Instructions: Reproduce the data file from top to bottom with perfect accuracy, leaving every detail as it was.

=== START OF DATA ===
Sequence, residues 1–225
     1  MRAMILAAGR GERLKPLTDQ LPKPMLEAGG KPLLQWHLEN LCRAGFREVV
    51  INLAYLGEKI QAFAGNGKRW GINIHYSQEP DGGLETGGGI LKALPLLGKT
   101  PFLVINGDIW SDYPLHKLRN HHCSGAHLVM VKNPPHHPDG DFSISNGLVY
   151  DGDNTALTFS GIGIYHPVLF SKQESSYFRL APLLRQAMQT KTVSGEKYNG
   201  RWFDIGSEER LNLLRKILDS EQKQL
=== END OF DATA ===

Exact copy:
Sequence, residues 1–225
     1  MRAMILAAGR GERLKPLTDQ LPKPMLEAGG KPLLQWHLEN LCRAGFREVV
    51  INLAYLGEKI QAFAGNGKRW GINIHYSQEP DGGLETGGGI LKALPLLGKT
   101  PFLVINGDIW SDYPLHKLRN HHCSGAHLVM VKNPPHHPDG DFSISNGLVY
   151  DGDNTALTFS GIGIYHPVLF SKQESSYFRL APLLRQAMQT KTVSGEKYNG
   201  RWFDIGSEER LNLLRKILDS EQKQL